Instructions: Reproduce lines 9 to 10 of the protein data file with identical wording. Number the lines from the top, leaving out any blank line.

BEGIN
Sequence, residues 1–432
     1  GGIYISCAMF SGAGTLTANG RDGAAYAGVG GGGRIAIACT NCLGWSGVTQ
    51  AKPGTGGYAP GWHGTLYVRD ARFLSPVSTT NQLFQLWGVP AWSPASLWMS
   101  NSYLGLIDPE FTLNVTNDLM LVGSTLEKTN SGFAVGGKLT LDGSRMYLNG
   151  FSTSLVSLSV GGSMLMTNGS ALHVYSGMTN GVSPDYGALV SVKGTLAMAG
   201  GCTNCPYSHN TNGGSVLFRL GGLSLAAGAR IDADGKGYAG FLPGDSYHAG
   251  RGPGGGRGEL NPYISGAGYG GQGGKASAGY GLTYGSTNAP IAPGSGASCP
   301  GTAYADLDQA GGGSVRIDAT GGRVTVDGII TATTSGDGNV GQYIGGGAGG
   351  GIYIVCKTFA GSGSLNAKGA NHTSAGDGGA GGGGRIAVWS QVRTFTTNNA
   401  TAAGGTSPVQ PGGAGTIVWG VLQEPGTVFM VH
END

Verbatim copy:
   351  GIYIVCKTFA GSGSLNAKGA NHTSAGDGGA GGGGRIAVWS QVRTFTTNNA
   401  TAAGGTSPVQ PGGAGTIVWG VLQEPGTVFM VH